It is known that 69 of us left from Africa in that operation and just 19 returned.
When we arrived back, our seaborne tail was in transit to Tarranto to take part in the chase of the Germans up the west coast of Italy. I returned with Colonel Hicks and finally got to HQ established at Bari having had very little sight of the enemy. We were fortunate, and arrived back in England for Christmas after a very long journey across the Atlantic in one of the Strathaird Liners.
After many cancelled briefings for operations, on Sunday 17th September, 1944 we finally boarded the Horsa gliders and were the third to arrive at the LZ in Holland. We quickly unloaded our hand cart and got onto the road only to meet up with the German Tanks at Wolfheze. The poor bloke with the PIAT gun had no chance of success, so we just had to make for cover. HQ did in the end get established for the night at the White House Hotel, but came under fire in the morning. Apparently there was no chance of getting to Arnhem, therefore we took up positions and formed part of the perimeter in the woods east of the Divisional HQ at the Hartenstein Hotel. The frustration was evident for we were pounded with heavy tank fire and anything else they could find to throw at us, then when the multiple mortars kicked in we had to dig deeper. The little area I was in had one attempted break through by the Germans and we lost the PT Sergeant Major, who was right next to me on the ground after he caught a bullet in the throat.
When Major General Urquhart went missing from Divisional HQ, it was necessary for Colonel Hicks to take over, being the senior officer I quickly dug a slit trench there and got a bit of sleep that night. When I got back to my Geordie mate in our defence spot, he was not at all happy having been awake all night and of course the hunger factor was starting to creep in on all of us.
By the night of the 26th the withdrawal commenced. It was a dismal sight to see us crouching down along the marshes to get onto the pontoon boats that the Canadian had gallantly got up to the Lower Rhine. I only remember being bodily picked up and thrown into what the chap said to me was the last boat over. It was just a matter of then keeping within the lines of tracer bullets they kept firing from way back in the rear until you got to the check point where Colonel Hicks was doing the job of organising trucks to take us back to Nijmegen.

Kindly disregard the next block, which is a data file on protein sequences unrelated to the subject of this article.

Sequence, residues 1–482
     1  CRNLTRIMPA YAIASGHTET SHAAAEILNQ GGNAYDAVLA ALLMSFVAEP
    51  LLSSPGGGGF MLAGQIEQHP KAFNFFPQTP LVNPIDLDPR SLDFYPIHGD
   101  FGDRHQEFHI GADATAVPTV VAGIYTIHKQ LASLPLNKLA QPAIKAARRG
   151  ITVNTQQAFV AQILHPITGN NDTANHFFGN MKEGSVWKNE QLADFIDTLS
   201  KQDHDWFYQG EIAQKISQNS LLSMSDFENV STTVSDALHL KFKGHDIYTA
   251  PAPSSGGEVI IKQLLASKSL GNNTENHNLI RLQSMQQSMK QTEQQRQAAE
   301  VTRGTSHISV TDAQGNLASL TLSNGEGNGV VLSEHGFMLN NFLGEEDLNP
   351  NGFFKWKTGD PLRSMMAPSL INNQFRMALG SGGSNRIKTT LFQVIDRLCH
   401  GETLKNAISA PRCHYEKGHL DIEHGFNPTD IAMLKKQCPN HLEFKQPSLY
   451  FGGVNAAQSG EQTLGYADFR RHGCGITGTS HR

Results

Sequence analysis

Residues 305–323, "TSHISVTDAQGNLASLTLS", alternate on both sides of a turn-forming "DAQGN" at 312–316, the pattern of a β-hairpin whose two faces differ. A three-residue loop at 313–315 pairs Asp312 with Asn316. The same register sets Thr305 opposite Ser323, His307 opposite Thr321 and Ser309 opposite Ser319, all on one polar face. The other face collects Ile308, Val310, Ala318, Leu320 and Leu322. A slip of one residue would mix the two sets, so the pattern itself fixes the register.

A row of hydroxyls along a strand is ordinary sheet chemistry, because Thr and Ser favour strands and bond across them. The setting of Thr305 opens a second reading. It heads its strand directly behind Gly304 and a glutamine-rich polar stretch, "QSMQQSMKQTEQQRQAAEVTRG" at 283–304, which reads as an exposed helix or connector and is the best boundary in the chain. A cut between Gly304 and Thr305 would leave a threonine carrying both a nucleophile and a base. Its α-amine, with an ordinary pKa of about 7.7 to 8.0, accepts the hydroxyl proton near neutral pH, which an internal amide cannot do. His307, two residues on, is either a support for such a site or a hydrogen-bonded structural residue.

I fail to see that General Browning was correct in stating that this operation was 85% successful, communications broke down because of the radios being used, the LZ’s were miles too far from the main objective, and even when the British Tanks were able to get over the Nijmegen Bridge, Horrocks let them sit brewing up tea while we were getting the hell knocked out of us just ten miles up the road.
I returned to Neatheravon Airdrome on Salisbury Plain where Brigadier Hicks became Administrator of the School of Air Support, and I was sent to the transport section.
In March 1945, the Brigadier with 2 Air Force officers, 2 other ranks and 3 125cc motor bikes were emplaned in a DC47 our final destination Burma via Marseille, Malta, Tobruk, Cairo, Shiaba, Sharta, Karachi, Bombay, Colombo, Madras, Calcutta, and Rangoon. We returned in one month.
I was demobbed or released to Army Reserve in May 1946 with a new suit, shoes, Mackintosh, a Trilby hat and pay for Leave due.
The Brigadier presented me with a silver cigarette box inscribed ‘Rouse from the Brigadier July 1940 – January 1945’.
I was rehabilitated onto Post Office Telephone and one of the jobs I was given was to retrieve 150 pound copper wire that was urgently required from 60ft poles during the English winter, ‘very cold and very slippery’.
Vera and I left England in February, 1952.
Source: Ron RouseRead More